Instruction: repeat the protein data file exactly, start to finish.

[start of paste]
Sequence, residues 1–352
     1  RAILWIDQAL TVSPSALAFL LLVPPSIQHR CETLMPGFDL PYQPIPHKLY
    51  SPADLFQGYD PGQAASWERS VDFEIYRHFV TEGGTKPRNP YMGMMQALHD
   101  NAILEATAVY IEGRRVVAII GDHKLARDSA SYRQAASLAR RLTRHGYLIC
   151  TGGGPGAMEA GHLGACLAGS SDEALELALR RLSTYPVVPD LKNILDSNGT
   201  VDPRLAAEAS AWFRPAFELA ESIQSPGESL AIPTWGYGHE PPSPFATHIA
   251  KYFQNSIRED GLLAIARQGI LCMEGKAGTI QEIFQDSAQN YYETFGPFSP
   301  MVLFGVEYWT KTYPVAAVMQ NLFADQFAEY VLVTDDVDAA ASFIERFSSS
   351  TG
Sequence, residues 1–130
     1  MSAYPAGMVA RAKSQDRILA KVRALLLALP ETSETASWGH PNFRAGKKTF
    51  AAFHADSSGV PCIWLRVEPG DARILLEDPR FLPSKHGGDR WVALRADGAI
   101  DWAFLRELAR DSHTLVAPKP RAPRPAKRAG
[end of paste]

Sequence, residues 1–352
     1  RAILWIDQAL TVSPSALAFL LLVPPSIQHR CETLMPGFDL PYQPIPHKLY
    51  SPADLFQGYD PGQAASWERS VDFEIYRHFV TEGGTKPRNP YMGMMQALHD
   101  NAILEATAVY IEGRRVVAII GDHKLARDSA SYRQAASLAR RLTRHGYLIC
   151  TGGGPGAMEA GHLGACLAGS SDEALELALR RLSTYPVVPD LKNILDSNGT
   201  VDPRLAAEAS AWFRPAFELA ESIQSPGESL AIPTWGYGHE PPSPFATHIA
   251  KYFQNSIRED GLLAIARQGI LCMEGKAGTI QEIFQDSAQN YYETFGPFSP
   301  MVLFGVEYWT KTYPVAAVMQ NLFADQFAEY VLVTDDVDAA ASFIERFSSS
   351  TG
Sequence, residues 1–130
     1  MSAYPAGMVA RAKSQDRILA KVRALLLALP ETSETASWGH PNFRAGKKTF
    51  AAFHADSSGV PCIWLRVEPG DARILLEDPR FLPSKHGGDR WVALRADGAI
   101  DWAFLRELAR DSHTLVAPKP RAPRPAKRAG